Posted 12/20/2019 13:16:38
Category: Think Pieces
Before the verdict in America's most recent famous trial, my plan had been to write about dogs this month. Now, though, I find myself pondering systems of law, journalism, and justice which, with apologies to canines everywhere, appear to be going to the dogs. I cannot let this month pass without acknowledging the most tragic thing that happened in it, an injustice so outrageous it stops my ability to think.
Much has been made in news and social media about the case of State of Florida v. George Zimmerman. I imagine (hope) it will be a conversation that goes on for a very long time. In response to boycotts and other expressions of disappointment/outrage over the jury's verdict by those who'd hoped for a conviction, some, pleased with Zimmerman's acquittal, have posted, shared, tweeted and cited memes and court cases in which blacks were charged with committing violent crimes against whites, the implication being, apparently, that if the trial did have anything to do with race, what about all the examples of racism in reverse? But there are so many holes in that argument that I am rendered incapable of seeing how anyone other than someone lacking scruples, or a very ignorant person, could tell, or believe, such lies. Black defendants who’ve killed whites being held as examples of reasons why Zimmerman got a fair trial? What kind of vigilante justice is that? You can be sure that the black defendants didn’t walk free, like Zimmerman did. You can probably bet money that each of them, unlike Zimmerman, were convicted as charged and received long sentences.
The simple fact of the matter is that anyone with even a reptile’s capacity for empathy and awareness should be able to understand that in this country, black people live with the constant hum in the background of fear for the safety of their young men.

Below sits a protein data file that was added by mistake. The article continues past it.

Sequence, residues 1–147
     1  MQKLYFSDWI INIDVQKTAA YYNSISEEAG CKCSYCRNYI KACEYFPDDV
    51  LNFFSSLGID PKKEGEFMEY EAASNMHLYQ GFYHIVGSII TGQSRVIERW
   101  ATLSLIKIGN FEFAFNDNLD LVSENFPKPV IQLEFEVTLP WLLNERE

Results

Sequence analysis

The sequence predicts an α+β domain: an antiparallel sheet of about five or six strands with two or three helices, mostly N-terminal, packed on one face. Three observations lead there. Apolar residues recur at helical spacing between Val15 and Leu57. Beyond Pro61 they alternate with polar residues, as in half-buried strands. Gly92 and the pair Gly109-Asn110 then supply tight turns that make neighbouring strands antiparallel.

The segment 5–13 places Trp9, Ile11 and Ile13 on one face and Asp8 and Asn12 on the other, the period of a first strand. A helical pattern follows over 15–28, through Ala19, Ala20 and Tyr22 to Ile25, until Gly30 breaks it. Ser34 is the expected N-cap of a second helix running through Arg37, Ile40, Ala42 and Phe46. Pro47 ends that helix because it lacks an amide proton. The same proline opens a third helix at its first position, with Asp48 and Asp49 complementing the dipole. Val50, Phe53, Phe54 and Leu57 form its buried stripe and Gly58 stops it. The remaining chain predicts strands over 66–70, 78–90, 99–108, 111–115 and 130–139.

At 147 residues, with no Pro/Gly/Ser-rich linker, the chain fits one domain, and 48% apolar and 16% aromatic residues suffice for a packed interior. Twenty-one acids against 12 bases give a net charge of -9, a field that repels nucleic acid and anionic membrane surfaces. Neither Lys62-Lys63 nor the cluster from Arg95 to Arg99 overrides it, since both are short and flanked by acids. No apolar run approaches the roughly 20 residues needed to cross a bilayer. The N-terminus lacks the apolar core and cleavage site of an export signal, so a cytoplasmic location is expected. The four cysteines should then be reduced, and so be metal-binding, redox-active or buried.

Generally, people who are "pro" Zimmerman” are also "pro" gun. With the philosophy of Stand Your Ground staunchly in their minds, they gloss over the indisputable fact that an innocent, unarmed, 17-year-old boy was stalked, pursued and ultimately killed for merely looking, in someone else’s mind, “suspicious.” The mean-spiritedness which has been directed at those who stood their ground for Trayvon sickens me. Why is it that such harsh lines have been drawn? Have people forgotten that two parents--who, by the way, showed super-human grace and dignity during the trial--tragically lost a child? Their son may have been guilty of things a lot of teenagers are often guilty of, but certainly not a crime punishable by death.
At the end of it all, the Zimmerman trial seems, to me, just another indicator of an archaic and broken criminal justice system in much need of reform. Maybe, as has happened in other criminal trials in recent history, a kind of justice will be sought, and delivered, in civil court. It will be interesting to see. These days I find myself wondering if punishment should be the focus of criminal trials at all anymore, but rather, healing. I find myself wishing I knew how to start meaningful dialogue about these things. Surely there is much to be explored about the fact that Americans make up just 5% of the world’s population but incarcerate 25% of its prisoners—and that over 50% of that 25% are black.
Black, brown, or white, the overwhelming majority of people in prison come from poverty. Who but the most ignorant and racist among us would claim that these statistics are so because people of color and people who live in poverty are more criminal in nature than any other demographic or ethnic group--any more criminal in nature than, say, affluent white people?